Salome Voegelin - Sonic Possible Worlds
Inspired by its use in literary theory, film criticism and the discourse of game design, Salomé Voegelin adapts and develops “possible world theory” in relation to sound. David K Lewis’ Possible World is juxtaposed with Maurice Merleau-Ponty’s life-world, to produce a meeting of the semantic and the phenomenological at the place of listening. The central tenet of the book is that at present traditional musical compositions and contemporary sonic outputs are approached and investigated through separate and distinct critical languages and histories. As a consequence, no continuous and comparative study of the field is possible. Voegelin proposes a new analytical framework that can access and investigate works across genres and times, enabling a comparative engagement where composers such as Henry Purcell and Nadia Boulanger encounter sound art works by Shilpa Gupta and Christina Kubisch and where the soundscape compositions of Chris Watson and Francisco López resound in the visual worlds of Louise Bourgeois.
Here’s an interesting quote from the book:
“In the ephemerality of sound the horizon between what exists and what does not is in doubt. The inaudible, understood as that in the work and the world, which for reasons of expectation, knowledge, and ideology we cannot access but that nevertheless influences our perception, should at least be assumed to be there. We need to talk about what we hear to prize it away from the restrictions of an analytic language and to articulate its own designation: and we need to talk about the inaudible as the possible impossible, which is once sounded and still has consequences, and which is what sounds now but cannot or do not want to hear, but which one day, when we know to inhabit its environment, becomes the possible and the actual enabled by and hiding another inaudible yet again.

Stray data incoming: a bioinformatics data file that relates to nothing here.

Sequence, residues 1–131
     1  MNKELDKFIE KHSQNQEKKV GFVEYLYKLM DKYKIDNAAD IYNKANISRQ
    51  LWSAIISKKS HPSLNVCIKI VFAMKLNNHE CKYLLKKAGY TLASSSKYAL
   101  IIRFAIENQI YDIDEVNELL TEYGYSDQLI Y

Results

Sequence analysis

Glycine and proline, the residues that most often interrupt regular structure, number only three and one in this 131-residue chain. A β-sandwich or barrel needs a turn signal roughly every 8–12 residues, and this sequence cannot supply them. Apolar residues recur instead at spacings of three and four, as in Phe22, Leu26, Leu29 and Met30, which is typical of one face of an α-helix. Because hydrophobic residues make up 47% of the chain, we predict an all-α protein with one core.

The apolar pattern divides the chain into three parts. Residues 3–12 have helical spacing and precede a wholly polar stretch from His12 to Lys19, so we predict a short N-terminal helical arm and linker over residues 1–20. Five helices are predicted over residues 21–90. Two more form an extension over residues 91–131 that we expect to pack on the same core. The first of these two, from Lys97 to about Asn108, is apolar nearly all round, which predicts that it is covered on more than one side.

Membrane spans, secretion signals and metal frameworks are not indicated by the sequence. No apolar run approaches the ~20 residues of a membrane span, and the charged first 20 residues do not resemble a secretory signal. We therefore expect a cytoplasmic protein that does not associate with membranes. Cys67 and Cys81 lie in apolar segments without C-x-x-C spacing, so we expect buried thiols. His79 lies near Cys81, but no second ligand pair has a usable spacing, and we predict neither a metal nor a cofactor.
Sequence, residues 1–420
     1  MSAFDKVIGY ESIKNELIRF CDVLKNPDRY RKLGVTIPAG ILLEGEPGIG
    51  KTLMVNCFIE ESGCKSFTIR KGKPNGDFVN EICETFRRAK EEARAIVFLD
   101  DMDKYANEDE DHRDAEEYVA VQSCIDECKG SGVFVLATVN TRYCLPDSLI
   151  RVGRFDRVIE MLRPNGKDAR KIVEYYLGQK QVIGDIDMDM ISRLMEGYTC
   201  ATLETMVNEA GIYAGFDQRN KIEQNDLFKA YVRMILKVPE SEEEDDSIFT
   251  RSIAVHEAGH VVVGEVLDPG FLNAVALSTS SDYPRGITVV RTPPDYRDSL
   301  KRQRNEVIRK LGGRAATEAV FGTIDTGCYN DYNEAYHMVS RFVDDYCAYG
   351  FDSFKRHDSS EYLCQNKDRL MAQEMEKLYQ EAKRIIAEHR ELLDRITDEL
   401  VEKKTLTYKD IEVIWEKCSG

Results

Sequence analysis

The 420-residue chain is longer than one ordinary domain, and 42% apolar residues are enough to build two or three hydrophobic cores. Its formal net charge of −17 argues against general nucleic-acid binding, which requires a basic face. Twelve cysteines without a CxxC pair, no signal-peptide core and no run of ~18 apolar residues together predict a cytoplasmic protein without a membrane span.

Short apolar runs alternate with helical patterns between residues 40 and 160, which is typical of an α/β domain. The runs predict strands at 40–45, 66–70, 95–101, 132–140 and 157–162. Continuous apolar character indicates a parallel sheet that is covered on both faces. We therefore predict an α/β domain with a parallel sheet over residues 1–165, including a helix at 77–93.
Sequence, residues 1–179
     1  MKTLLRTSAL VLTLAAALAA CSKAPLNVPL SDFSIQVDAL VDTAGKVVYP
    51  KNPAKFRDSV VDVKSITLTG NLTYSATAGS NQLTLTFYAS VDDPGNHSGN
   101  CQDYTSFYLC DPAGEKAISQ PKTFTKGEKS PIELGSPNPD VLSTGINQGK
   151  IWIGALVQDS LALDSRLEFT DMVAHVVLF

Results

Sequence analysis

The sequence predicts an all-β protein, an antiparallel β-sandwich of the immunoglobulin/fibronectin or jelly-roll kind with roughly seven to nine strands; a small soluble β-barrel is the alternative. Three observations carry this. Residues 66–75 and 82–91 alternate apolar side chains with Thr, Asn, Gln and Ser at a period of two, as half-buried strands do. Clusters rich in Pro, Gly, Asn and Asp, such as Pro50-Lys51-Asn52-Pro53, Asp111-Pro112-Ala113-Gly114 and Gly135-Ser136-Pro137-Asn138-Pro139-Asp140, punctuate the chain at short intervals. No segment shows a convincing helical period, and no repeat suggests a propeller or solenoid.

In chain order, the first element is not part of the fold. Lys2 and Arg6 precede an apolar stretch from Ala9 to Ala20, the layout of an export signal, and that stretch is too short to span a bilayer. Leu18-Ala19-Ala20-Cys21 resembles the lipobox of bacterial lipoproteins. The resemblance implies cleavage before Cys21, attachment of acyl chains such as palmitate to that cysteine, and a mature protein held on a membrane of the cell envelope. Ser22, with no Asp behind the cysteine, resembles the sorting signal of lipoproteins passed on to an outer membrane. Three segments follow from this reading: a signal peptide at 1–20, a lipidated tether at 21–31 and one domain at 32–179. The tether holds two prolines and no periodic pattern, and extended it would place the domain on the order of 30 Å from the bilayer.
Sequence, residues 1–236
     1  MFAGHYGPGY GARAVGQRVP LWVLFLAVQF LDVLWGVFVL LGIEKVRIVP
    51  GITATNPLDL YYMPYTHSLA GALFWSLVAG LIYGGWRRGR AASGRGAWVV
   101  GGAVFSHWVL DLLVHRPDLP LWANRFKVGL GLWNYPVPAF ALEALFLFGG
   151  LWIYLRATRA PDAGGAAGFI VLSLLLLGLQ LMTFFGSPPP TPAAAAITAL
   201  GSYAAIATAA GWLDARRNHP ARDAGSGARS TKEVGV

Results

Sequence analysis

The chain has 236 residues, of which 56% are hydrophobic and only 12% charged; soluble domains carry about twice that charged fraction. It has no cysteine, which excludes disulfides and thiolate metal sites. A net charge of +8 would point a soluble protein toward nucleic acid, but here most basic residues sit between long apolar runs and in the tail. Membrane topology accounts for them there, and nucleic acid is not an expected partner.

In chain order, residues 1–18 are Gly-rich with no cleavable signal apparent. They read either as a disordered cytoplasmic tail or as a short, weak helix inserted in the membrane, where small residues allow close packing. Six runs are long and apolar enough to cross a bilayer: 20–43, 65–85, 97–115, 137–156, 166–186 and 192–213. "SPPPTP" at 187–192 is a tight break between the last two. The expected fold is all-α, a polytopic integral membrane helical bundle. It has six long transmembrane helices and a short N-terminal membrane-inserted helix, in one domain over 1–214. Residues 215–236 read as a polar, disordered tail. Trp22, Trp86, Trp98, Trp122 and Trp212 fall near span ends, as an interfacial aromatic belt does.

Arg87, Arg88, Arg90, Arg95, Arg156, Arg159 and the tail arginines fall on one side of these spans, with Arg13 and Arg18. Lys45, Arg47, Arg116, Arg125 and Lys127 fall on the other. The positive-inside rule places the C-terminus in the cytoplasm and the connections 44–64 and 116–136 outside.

The inaudible is the verge of the soundscape. It is its portal into a plurality of worlds that are all variants of this world but which we can neither see nor hear because we do not know how to or we do not want to; and it is the criticality of the artwork, it is its radical edge over what we know, inviting us to sense beyond “what is” and “what might be” the possibility of impossibility: the invisible inaudible slices of the work, whose presence we might sense but whose materiality we cannot grasp.
The possible impossibility of the work is what gives it the strength to continually push at the boundaries of aesthetic knowledge to move us into that which we deliberately or inadvertently exclude from our sense of the work, without becoming itself audible. It is an aesthetic force rather than a sound whose sound once revealed hides and enables others still.
The possible impossibility of the world is its political, ideological and social horizon, beyond which we pretend not to see anything even once we start to hear it rumble. It is the ground beneath which are hidden those things that do sound but which remain unheard and those that once did sound but have become silent, but often not yet mute.
Sound work that seeks the inaudible anew all the time embraces it passing ephemerality; it embraces its own essence in disappearance and accepts its fleeting property not as a structural necessity but as a generative designation. This is a predicative name that does not describe “what is”, “what might be,” and “what is not allowed to be,” but makes us sense it. Such work is aesthetico-political in that it not only encourages us to see the actual and hear the possible expand its vision, but encourages us to listen to the inaudible in the work and beyond – into the future variance of the world.
It is the artists’ job to open the possibility of the impossible, and it is the writers’ responsibility and the listeners’ challenge to engage in the inaudible to tease it out, not to come to an ideal audibility but to constantly work on the boundary between the audible and the inaudible, to make the impossible re-sound the possible and pluralize the actual”. (p. 174-5)
Chapter 1: The Landscape as Sonic Possible World
Chapter 2: Into the World of the Work: The Possibility of Sound Art
Chapter 3: Sonic Materialism: the Sound of Stones
Chapter 4: Hearing the Continuum of Sound
Chapter 5: Listening to the Inaudible: the Sound of Unicorns